History of Hemp
The history of the industrial use of cannabis goes back many years. For example, the Chinese grew hemp 4500 years ago for textile fiber. They also used the seed as food. The spread of cannabis took place from China to the Middle East and the Mediterranean area and, subsequently, to Europe, probably via nomadic peoples.
Starting around the year 600, the Germans, Frankish tribes and Vikings produced rope, cloth and garments from hemp fiber. In the Middle Ages, most people wore hemp sandals. Many farmers grew hemp on a small scale.
Since the Middle Ages, the industrial use of hemp has seen a number of peaks:
The sails and lines on the first ships that sailed the world’s seas are woven from braided hemp fibers. In the 17th century, hemp is first used on a large scale in industrial products in the Netherlands . During its peak years, the area around the Zaan river produces 60,000 rolls of sailcloth. Workers wear hemp clothing and Rembrandt sketches on paper made from hemp.
During the Dutch Golden Century, the United East India Company (Dutch: VOC) encourage the cultivation of the hemp plant. After wood, hemp is the most important component in shipbuilding.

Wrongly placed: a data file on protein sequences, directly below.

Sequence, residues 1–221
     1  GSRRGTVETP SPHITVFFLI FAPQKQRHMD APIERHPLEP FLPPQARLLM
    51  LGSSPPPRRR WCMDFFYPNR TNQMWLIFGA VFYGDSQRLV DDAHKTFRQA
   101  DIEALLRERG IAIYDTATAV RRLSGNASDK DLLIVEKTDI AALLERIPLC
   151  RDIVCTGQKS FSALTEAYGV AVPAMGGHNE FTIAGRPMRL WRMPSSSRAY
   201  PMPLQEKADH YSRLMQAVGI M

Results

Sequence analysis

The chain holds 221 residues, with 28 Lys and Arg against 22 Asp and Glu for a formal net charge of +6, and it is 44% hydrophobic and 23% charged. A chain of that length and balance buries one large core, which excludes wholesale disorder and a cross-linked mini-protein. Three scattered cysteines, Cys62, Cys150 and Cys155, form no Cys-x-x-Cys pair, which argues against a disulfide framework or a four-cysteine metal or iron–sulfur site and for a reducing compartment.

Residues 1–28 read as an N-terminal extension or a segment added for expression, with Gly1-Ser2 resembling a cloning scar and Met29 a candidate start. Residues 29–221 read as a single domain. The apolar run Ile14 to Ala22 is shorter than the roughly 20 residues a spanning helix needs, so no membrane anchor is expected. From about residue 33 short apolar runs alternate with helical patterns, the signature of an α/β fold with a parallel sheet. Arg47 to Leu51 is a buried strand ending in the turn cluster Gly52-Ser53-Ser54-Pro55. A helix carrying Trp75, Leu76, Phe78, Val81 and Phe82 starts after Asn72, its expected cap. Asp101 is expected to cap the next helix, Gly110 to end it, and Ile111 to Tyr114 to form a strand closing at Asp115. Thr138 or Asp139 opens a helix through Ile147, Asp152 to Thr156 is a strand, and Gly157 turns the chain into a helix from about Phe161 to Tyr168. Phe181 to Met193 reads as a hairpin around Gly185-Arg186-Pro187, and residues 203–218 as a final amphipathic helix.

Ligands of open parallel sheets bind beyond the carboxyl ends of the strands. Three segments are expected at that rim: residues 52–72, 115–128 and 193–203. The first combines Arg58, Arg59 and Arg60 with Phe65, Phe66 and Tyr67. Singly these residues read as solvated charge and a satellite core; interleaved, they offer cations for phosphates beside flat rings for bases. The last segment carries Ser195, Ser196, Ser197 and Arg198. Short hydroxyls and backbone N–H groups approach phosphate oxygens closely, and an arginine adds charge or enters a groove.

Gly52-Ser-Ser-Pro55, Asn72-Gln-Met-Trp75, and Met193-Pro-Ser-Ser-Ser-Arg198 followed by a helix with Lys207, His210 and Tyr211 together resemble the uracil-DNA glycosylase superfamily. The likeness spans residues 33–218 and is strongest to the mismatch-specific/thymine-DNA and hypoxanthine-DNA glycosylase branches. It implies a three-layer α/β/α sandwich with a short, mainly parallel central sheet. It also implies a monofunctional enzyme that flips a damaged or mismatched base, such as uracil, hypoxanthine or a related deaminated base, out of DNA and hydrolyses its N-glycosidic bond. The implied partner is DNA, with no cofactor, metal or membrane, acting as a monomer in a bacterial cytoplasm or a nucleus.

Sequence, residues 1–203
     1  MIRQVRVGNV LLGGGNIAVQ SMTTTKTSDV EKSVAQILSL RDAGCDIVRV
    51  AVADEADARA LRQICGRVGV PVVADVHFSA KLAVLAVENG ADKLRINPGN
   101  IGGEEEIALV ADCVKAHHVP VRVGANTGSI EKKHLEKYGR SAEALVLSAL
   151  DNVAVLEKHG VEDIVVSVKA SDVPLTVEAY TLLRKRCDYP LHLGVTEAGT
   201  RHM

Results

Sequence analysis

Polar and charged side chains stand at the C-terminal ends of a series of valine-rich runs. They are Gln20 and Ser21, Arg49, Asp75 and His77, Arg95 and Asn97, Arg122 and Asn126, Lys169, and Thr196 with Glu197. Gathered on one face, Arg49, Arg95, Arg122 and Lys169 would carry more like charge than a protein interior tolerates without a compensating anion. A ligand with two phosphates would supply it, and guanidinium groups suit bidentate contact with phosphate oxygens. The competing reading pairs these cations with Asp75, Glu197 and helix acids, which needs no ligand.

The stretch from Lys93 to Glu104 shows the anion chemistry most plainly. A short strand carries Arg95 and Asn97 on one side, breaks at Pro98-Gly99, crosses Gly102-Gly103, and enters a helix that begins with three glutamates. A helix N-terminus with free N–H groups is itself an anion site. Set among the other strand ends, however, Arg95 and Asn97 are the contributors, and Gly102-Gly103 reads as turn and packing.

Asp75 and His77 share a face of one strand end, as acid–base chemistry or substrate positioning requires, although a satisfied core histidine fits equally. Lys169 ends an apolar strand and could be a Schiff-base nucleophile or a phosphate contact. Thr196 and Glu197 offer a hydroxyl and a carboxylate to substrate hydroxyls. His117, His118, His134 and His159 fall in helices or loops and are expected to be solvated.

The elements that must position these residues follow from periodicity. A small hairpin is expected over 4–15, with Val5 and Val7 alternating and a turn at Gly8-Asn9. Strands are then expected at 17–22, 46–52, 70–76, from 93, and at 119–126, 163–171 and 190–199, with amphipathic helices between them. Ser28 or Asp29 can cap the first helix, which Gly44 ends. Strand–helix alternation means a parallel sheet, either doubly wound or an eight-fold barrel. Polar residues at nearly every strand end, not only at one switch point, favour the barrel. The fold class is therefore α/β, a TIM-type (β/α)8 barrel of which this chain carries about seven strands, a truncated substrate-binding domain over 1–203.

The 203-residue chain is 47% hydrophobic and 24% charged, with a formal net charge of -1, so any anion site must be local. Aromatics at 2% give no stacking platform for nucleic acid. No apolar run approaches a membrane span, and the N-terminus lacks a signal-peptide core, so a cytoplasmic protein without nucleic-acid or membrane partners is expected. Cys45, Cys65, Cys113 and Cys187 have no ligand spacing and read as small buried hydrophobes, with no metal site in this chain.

Up until the industrial revolution in the 19thcentury, the production of hemp fiber was difficult and labor-intensive. Once alternative materials such as cotton, jute, wood pulp and artificial fibers are produced, the importance of hemp cultivation for textile, rope and paper decreases. Ships powered by engines replace sailing ships. In shipping, iron and steel replace natural fibers.
Hemp gains importance again in World War II. This cheap, stiff fiber is quite welcome in the war industry. Hemp fiber is used for parachutes, uniforms, tarps and tent cloth, among other things. The American government encourages farmers to grow hemp. View this propaganda film from that era immediately after the war, the US forbids cultivation again (they had done this previously as well, in 1937). This happened due to lobbying pressure from the petrochemical industry, the wood trade and the trade in cheap textiles.
In Europe, too, hemp is displaced by cheaper fibers such as cotton as soon as the world market once again becomes accessible after WWII. The increasing popularity of synthetic fibers after 1945 ensures hemp’s downfall as a raw material for industrial products in the entire western world for the time being. Growing hemp for fiber and seed production is rehabilitated at the European level in 1989. Since the 1990s, fiber hemp may be grown again under certain conditions